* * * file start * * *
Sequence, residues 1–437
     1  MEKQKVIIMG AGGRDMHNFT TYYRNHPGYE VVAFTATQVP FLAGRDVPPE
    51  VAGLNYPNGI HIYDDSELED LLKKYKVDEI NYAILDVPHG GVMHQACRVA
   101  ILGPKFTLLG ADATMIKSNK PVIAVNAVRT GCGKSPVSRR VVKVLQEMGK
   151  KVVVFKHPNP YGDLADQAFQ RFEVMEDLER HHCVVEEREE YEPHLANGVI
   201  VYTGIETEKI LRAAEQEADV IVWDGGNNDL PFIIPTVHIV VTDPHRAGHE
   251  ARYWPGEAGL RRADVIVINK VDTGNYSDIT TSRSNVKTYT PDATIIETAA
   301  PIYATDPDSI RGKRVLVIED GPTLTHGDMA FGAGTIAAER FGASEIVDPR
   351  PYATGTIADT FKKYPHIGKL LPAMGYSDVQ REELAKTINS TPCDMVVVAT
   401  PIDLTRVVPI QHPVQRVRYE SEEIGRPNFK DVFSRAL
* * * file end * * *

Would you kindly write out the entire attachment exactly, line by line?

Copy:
Sequence, residues 1–437
     1  MEKQKVIIMG AGGRDMHNFT TYYRNHPGYE VVAFTATQVP FLAGRDVPPE
    51  VAGLNYPNGI HIYDDSELED LLKKYKVDEI NYAILDVPHG GVMHQACRVA
   101  ILGPKFTLLG ADATMIKSNK PVIAVNAVRT GCGKSPVSRR VVKVLQEMGK
   151  KVVVFKHPNP YGDLADQAFQ RFEVMEDLER HHCVVEEREE YEPHLANGVI
   201  VYTGIETEKI LRAAEQEADV IVWDGGNNDL PFIIPTVHIV VTDPHRAGHE
   251  ARYWPGEAGL RRADVIVINK VDTGNYSDIT TSRSNVKTYT PDATIIETAA
   301  PIYATDPDSI RGKRVLVIED GPTLTHGDMA FGAGTIAAER FGASEIVDPR
   351  PYATGTIADT FKKYPHIGKL LPAMGYSDVQ REELAKTINS TPCDMVVVAT
   401  PIDLTRVVPI QHPVQRVRYE SEEIGRPNFK DVFSRAL